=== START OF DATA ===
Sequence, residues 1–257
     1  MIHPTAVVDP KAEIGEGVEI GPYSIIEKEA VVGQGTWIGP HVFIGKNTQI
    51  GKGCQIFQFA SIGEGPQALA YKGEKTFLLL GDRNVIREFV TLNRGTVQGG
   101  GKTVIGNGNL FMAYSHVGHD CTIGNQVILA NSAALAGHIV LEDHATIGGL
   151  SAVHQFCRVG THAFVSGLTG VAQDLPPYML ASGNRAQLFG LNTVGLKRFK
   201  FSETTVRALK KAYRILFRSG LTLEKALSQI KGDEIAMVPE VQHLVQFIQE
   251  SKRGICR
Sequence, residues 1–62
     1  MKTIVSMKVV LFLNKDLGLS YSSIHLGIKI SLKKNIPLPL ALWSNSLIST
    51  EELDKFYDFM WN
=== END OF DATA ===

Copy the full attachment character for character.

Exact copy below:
Sequence, residues 1–257
     1  MIHPTAVVDP KAEIGEGVEI GPYSIIEKEA VVGQGTWIGP HVFIGKNTQI
    51  GKGCQIFQFA SIGEGPQALA YKGEKTFLLL GDRNVIREFV TLNRGTVQGG
   101  GKTVIGNGNL FMAYSHVGHD CTIGNQVILA NSAALAGHIV LEDHATIGGL
   151  SAVHQFCRVG THAFVSGLTG VAQDLPPYML ASGNRAQLFG LNTVGLKRFK
   201  FSETTVRALK KAYRILFRSG LTLEKALSQI KGDEIAMVPE VQHLVQFIQE
   251  SKRGICR
Sequence, residues 1–62
     1  MKTIVSMKVV LFLNKDLGLS YSSIHLGIKI SLKKNIPLPL ALWSNSLIST
    51  EELDKFYDFM WN